The lore that accumulated around Homer was prolific. No other poet had so many lives, or Lives. (Some ten or so of these have survived, depending on how they are counted. Many more must have existed.) Homer was born of a river god and a nymph. He had up to six different fathers, one of whom was Odysseus’ son, Telemachus, another being “a teacher named Phemius” (Odysseus’ court bard), who, it was said, hailed from Smyrna and took on the role of a stepfather. He had as many mothers as he had fathers, one candidate being Polycaste, the daughter of Nestor (the Greek warrior and elder statesman who figures prominently in both epics). He was born in at least seven places (this was the official number; the number grew as the traditions did) and was imagined to have lived either at the time of the Trojan War or as many as four centuries afterward. According to one later source, he fell madly in love with Penelope, moved to Ithaca, and gave her a starring role that rivaled that of her husband. According to another, Homer was the younger cousin of his own sometime rival, Hesiod. When all other evidence gave out, there was always Homer’s name (Homēros), which could serve as a clue to his identity and fate: homēros (a noun) was variously understood to mean “hostage,” “bondsman,” “guide,” “fellow traveler,” “blind person,” or “the one-who-does-not-see” (ho mē horōn), depending on the dialect and the claimants.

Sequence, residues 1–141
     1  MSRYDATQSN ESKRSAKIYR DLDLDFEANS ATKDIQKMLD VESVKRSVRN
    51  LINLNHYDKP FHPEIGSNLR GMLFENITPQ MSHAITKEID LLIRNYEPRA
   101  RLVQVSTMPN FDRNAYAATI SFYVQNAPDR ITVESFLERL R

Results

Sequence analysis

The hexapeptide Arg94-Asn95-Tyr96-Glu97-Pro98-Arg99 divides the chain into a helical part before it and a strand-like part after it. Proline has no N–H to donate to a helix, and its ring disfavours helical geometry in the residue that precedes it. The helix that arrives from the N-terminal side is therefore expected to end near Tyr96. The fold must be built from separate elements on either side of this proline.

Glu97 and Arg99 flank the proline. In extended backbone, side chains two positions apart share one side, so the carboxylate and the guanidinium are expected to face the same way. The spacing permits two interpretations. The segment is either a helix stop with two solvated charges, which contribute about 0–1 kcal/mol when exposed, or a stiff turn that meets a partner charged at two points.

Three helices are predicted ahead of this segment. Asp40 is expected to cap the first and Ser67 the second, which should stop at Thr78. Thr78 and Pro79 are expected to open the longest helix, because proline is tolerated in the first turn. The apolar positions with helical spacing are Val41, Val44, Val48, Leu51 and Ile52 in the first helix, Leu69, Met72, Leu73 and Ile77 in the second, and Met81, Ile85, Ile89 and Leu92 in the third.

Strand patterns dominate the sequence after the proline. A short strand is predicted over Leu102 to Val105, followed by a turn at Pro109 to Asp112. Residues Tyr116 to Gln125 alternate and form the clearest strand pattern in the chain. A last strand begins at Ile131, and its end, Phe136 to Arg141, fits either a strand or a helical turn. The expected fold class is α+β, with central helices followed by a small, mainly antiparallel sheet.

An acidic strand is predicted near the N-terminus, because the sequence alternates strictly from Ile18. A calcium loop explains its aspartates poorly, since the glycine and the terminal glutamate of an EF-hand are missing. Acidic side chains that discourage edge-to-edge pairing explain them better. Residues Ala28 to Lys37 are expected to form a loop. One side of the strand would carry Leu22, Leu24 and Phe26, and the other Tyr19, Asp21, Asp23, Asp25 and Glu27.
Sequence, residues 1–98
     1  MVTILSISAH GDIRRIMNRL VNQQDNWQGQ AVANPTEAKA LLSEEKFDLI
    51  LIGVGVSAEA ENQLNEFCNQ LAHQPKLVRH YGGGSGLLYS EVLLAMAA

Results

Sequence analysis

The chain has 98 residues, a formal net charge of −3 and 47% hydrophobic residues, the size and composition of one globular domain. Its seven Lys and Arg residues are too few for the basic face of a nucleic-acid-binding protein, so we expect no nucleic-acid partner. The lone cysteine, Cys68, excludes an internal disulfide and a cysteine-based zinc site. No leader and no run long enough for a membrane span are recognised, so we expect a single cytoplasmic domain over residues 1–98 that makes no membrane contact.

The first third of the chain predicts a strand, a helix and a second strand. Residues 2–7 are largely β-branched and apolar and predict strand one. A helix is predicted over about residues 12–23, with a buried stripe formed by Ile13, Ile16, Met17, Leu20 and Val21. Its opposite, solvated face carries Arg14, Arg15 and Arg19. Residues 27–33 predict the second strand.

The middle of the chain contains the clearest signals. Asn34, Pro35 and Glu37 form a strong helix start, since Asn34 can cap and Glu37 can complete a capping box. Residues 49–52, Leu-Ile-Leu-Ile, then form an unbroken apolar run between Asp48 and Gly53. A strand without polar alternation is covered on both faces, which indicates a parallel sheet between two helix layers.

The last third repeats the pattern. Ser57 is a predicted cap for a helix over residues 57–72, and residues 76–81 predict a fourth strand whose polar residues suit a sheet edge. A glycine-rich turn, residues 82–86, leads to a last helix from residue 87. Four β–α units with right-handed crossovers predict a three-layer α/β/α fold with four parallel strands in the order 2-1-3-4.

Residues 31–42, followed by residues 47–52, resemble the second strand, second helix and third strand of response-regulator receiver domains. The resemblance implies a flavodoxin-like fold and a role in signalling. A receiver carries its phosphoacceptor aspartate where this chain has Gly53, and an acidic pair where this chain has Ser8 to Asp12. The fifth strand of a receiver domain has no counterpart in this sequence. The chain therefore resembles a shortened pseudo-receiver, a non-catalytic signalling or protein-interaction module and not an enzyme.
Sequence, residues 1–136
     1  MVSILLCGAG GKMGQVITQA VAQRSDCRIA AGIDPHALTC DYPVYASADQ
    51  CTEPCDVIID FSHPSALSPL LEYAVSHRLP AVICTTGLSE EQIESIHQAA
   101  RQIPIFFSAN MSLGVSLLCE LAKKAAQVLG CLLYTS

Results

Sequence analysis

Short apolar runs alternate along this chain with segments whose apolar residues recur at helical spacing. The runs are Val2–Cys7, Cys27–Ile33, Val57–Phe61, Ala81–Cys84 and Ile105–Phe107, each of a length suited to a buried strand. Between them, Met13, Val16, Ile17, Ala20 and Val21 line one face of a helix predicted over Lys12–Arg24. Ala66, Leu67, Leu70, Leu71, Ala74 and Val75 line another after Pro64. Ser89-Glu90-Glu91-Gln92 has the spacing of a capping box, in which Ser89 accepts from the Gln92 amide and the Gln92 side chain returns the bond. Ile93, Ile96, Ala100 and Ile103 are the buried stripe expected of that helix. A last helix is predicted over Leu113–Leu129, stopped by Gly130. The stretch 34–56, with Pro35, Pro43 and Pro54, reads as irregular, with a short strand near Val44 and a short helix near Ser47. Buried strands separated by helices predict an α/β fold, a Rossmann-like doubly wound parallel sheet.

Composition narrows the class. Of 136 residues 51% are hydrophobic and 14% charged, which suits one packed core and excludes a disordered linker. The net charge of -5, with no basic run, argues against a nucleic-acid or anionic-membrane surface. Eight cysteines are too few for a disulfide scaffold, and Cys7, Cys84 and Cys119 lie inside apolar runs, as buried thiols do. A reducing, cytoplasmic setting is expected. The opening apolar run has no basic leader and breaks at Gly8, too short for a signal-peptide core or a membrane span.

One source uniquely suggests that Homer derives from his father’s name, Omyres. (The name occurs nowhere else and has no obvious sense.) Modern and contemporary philologists have come up with speculations of their own that are no less inventive or fanciful, for example deriving Homer from the verb homērein, “he who fits [sounds/voices/verses/songs] together in unison” or “in tune.”
In any event, Homer was no more than a nickname given to him by others and an afterthought. His original name was said to be Meles, Melesigenes, Melesagoras, or Melesianax, usually in honor of his father, the river god Meles in Smyrna, near the coast of Asia Minor, but otherwise, in a minority of cases, as a remembrance of his place of birth “by the river Meles”—a far less illustrious pedigree, as it deprived him of divine ancestry. Either way, the tradition knew that something was afoot here. Homer’s name was clearly not his own.
The reasons for the name change were mired in controversy and in even greater obscurity. Behind the shuffle from myth to wearisome rationalization without consensus was a fact that needed to be explained. Settling on one or another of Homer’s names as his “actual” name, or arguing for the meaning of any individual name, misses the point and distracts from the nub of the issue, which is contained in the mere fact of the name change itself. Inexplicable in its own terms, what the change tells us is that Homer had no proper name, indeed no proper identity, and the tradition knew this to be the case. Not even Homer knew who he was.
Reprinted with permission from Homer: The Very Idea by James I. Porter, published by the University of Chicago Press. Copyright © 2021 by The University of Chicago. All rights reserved.